Mosul's Watar Orchestra brings restored university theatre to life

An audience of more than 1,000 turned out to hear opening performance in the northern Iraq venue destroyed by ISIS

The Watar Orchestra performs at the opening of the University of Mosul's newly restored Grand Theatre. Reuters

Music flowed through the University of Mosul campus on Thursday night, as the city's Watar Orchestra gave the first performance in the restored Grand Theatre.

The theatre is the biggest hall in northern Iraq's Nineveh governorate, with about 1,500 seats. It was severely damaged by ISIS, after the extremist group seized Mosul in 2014. They were driven out in 2017.

“A concert in the recently rehabilitated theatre of the campus feels so good because a few years ago it was a heap of rubble, ashes, as ISIS burnt the infrastructure of the campus,” University of Mosul professor Ali Al Baroodi told The National after the concert.

More than 1,000 people turned out to hear what was only the third public performance by the Watar Orchestra. The concert was also live-streamed. Pictures and videos posted on social media showed the theatre filled with people clapping and singing.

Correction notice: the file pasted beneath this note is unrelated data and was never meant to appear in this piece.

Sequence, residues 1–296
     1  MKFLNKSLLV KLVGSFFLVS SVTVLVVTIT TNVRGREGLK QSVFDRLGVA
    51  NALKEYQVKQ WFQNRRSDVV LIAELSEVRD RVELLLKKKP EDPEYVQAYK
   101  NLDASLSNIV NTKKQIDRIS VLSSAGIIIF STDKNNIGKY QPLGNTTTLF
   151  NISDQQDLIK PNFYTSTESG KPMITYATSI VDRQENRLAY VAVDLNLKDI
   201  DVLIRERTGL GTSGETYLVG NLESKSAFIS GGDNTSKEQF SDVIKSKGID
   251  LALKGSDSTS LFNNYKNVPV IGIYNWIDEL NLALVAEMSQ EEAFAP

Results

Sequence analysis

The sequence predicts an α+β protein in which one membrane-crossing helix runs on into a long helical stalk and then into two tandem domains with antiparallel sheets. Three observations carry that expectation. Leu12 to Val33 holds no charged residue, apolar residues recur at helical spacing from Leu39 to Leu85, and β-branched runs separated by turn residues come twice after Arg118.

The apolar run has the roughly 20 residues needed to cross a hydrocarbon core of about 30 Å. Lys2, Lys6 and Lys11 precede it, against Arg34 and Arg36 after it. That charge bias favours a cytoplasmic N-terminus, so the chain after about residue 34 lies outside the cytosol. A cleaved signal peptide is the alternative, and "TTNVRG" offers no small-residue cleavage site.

The orchestra was formed in 2020 and brings together young local musicians from diverse religious and social backgrounds to celebrate the fusion of Iraqi music.

“It felt great to be in a place with people representing Nineveh's various colours,” Mr Baroodi said. “It feels good that music is back again and that the orchestra is filled with young, talented musicians.”

He said it was a joy to listen to the classical and traditional music of Nineveh and Iraq's Kurdish region and from all over the country.

“The theatre is back, the central library is back, it's better than before ISIS took over.”

Life at the University of Mosul “is flowing again”, Mr Baroodi said.

Work to restore the university's theatre began in 2019 under the UN Development Programme's Funding Facility for Stabilisation, with financial support from Germany through KFW Development Bank.

The reopening concert coincided with the first day of Russia’s invasion of Ukraine, prompting Iraqi historian Omar Mohammed to send a message of solidarity to Ukrainians.

“I hesitated to publish this as Ukraine is under brutal attack, but I want to tell my fellow Ukrainians that dictators and oppressors will never win,” Mr Mohammed wrote on the Mosul Eye Twitter account that he used to inform the world about life under ISIS rule in his city.

“Never lose hope; never allow them to destroy your dreams,” he said.

“It is important to remember that now is the time to activate, 'Trust no one, document everything.' You should document everything. This war will end, but the pursuit of justice will not stop. Collect, preserve and protect,” Mr Mohammed said.

Updated: February 25, 2022, 5:05 PM